2. Materials and Methods

2.1. The A549-hACE2 Cell Line Cultivation

The lung carcinoma cell line (A549-hACE2) was purchased from Invivogen (cat. a549-hace2, Invivogen, San Diego, CA, USA). The A549-hACE2 cells, generated from the A549 lung carcinoma cell line, were stably transfected to express the human ACE2 (hACE2) gene. The A549-hACE2 cell line is an in vitro model commonly used for SARS-CoV-2 investigations [34,35].
The A549-hACE2 cell line was grown in cultured DMEM/F12 (Dulbecco’s odified Eagle’s medium/nutrient mixture F-12 Ham), supplemented with 10% FBS, 100 units mL−1 penicillin and 100 units mL−1 streptomycin, in a 5% CO2 atmosphere at 37 °C. Cells were cultured until reaching an adequate confluence, and then seeded in multi-well plates for the experimental purposes described below.

2.2. Diatoxanthin

Pure diatoxanthin (C40H54O2, CAS No. 31063-73-7; Figure S1) was purchased from D.H.I. Water & Environment (Hørsholm, Denmark). The purity was then assessed through HPLC analysis, using the method described in Pistelli et al. [36].

2.3. MTT (3-(4,5-Dimethylthiazol-2-yl)-2,5-diphenyltetrazolium Bromide) Assay

The A549-hACE2 cells (2 × 103 cells well−1, 100 μL well−1) were seeded in 96-well plates (TPP Techno Plastic Products AG, Trasadingen, Switzerland) and kept overnight for attachment. Cells were incubated for 48 h with Dt in DMSO at four different concentrations, namely 0.1, 1, 10, and 100 ng mL−1. The final concentration of DMSO was 0.1% v/v for the highest concentration of Dt (100 ng). At the end of the 48 h-incubation, OranguTM (Cell Guidance Systems, Cambridge, UK) was used to measure cell viability according to the manufacturer’s instructions. The absorbance was recorded using a Microplate Reader: Infinite® M1000 PRO (TECAN, Männedorf, Switzerland) at a wavelength of 450 nm. The same analysis was conducted incubating cells with DMSO without Dt (untreated cells = control). The results were represented as a percent of metabolically active cells estimated as the ratio between the absorbance of each sample (A549-hACE2 cells treated with Dt) and the absorbance of the control (untreated cells).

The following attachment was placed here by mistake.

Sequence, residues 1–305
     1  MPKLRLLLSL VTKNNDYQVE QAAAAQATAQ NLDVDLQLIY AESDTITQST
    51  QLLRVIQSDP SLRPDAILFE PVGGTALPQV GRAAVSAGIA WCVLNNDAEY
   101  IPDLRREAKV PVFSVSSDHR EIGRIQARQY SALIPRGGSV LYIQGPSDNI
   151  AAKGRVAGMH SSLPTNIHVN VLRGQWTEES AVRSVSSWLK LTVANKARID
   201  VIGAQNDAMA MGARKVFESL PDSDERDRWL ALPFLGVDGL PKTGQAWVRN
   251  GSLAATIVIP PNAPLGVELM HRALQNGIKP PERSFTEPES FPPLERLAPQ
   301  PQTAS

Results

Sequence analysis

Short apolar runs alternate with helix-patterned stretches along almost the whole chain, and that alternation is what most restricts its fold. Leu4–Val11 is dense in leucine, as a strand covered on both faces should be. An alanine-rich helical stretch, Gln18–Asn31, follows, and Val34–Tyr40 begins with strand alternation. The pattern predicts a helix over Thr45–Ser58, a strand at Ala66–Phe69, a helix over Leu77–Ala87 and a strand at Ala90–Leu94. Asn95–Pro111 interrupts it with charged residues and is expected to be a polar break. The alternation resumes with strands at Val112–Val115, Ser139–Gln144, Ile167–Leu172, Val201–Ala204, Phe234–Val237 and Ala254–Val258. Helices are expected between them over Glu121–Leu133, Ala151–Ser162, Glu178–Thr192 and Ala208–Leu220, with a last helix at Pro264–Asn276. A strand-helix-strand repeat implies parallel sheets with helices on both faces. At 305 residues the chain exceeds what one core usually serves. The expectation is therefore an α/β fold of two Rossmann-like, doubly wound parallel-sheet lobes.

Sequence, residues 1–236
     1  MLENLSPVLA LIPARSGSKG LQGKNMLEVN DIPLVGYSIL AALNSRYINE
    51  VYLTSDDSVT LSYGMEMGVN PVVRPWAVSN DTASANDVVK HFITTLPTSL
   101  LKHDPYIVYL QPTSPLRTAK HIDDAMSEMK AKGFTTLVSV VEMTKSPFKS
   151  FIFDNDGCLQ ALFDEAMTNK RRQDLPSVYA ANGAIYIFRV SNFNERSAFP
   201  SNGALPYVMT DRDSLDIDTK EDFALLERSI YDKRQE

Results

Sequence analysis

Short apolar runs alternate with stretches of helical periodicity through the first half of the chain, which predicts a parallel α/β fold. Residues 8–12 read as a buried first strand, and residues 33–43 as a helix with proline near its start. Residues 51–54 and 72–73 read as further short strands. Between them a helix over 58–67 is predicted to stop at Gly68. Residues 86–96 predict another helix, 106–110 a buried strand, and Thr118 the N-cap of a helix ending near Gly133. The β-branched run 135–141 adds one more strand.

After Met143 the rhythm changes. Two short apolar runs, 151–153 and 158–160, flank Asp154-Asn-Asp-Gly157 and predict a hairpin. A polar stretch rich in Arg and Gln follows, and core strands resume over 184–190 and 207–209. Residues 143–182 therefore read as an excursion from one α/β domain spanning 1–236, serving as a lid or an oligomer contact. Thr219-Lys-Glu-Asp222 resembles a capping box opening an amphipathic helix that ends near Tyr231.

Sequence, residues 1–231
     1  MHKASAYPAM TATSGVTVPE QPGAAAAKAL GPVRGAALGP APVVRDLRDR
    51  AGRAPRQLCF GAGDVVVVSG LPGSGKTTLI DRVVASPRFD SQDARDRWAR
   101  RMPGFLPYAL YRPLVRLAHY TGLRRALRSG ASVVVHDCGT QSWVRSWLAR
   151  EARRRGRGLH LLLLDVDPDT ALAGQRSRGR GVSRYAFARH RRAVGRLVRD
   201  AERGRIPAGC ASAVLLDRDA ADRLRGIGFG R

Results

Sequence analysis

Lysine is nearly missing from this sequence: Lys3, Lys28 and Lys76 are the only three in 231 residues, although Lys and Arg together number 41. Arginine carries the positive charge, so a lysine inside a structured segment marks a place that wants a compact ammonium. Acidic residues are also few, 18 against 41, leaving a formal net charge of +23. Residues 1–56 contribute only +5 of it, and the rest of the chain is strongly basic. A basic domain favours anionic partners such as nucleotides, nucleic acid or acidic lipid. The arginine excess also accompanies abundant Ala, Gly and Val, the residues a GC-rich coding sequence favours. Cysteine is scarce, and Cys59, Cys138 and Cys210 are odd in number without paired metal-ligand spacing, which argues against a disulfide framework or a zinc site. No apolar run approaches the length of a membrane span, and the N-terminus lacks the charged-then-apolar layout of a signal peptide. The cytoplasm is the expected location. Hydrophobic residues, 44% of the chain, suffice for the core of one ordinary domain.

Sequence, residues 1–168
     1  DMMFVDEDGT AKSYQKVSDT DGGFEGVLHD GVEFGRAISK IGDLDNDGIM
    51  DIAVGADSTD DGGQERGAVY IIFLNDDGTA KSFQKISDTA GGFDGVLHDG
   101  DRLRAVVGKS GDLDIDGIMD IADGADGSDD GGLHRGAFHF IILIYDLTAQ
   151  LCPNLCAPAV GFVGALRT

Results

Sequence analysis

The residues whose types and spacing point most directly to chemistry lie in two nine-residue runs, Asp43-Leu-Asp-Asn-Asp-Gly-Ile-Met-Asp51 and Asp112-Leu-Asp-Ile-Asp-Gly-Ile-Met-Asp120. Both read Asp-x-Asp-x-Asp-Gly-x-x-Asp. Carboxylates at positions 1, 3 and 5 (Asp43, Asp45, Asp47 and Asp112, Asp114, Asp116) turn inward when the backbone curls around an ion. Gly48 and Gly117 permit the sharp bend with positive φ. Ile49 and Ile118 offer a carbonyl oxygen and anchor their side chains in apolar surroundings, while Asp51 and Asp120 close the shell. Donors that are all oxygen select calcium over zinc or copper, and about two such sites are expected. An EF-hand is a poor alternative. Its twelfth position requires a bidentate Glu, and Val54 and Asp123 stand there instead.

2.4. Angiotensin-Converting Enzyme 2 (ACE2) Activity Assay

The A549-hACE2 cells (2 × 106 cells well−1, 2 mL well−1) were seeded in 6-well plates (TPP Techno Plastic Products AG, Trasadingen, Switzerland) and kept overnight for attachment. Cells were then incubated with Dt in DMSO at the concentration 0.1 ng mL−1. Control was setup with A549-hACE2 cells plus DMSO without Dt addition. After 24 h incubation, the medium was removed from each well and the attached cells were rapidly washed with phosphate buffered saline (PBS) solution. The PBS solution was then removed, and the cell lysates were prepared by scraping each well into 500 μL of RIPA Lysis and Extraction Buffer (Thermo Fisher Scientific, Waltham, MA, USA), supplemented with Halt™ Protease & Phosphatase Inhibitor Cocktail (Thermo Fisher Scientific, Waltham, MA, USA). The lysates were incubated on ice for 5 min and then clarified by centrifugation at 14,000× g for 5 min. Total protein concentration was determined using a NanoDrop 1000 UV-Vis Spectrophotometer (Thermo Fisher Scientific, Waltham, MA, USA) at 280 nm. Reading at 260 nm was done to assess the purity of extracted proteins. ACE2 activity was measured using Angiotensin II Converting Enzyme (ACE2) Inhibitor Screening Kit (cat. No. MAK378, Sigma-Aldrich, St. Louis, MO, USA). The assay was performed in triplicate, using an aliquot of 10 μL of each sample and following the manufacturer’s protocol. Fluorescence was read using a Microplate Reader: Infinite® M1000 PRO (Ex: 320 nm, Em: 420 nm, TECAN, Männedorf, Switzerland).

2.5. Target Fishing and Docking Analysis

The Dt molecule interaction with the ACE2 protein was retrieved through an introductory target fishing approach by using the ACID online server [37]. The 3D coordinates of the crystal structure of ACE2 were retrieved from the Protein Data Bank (PDB; PDB id: 1R42). The protein structure was optimized by using UCSF Chimera 1.16 software [38] for removal of all heteroatoms and water molecules, while further polar hydrogen atoms were added to protein to make the receptor molecules suitable for docking. Diatoxanthin (CID 6440986) was prepared as a ligand for docking, following the same procedure. Gasteiger charges were added and the maximum six numbers of active torsions were given to the lead compounds. ACE2 protein was finally docked using the molecular docking program AutoDock Vina 4.2.6 (Scripps Research, San Diego, CA, USA) [39].

2.6. Interleukins IL-6 and IL-10 Concentrations through Enzyme-Linked Immunosorbent Assay (ELISA)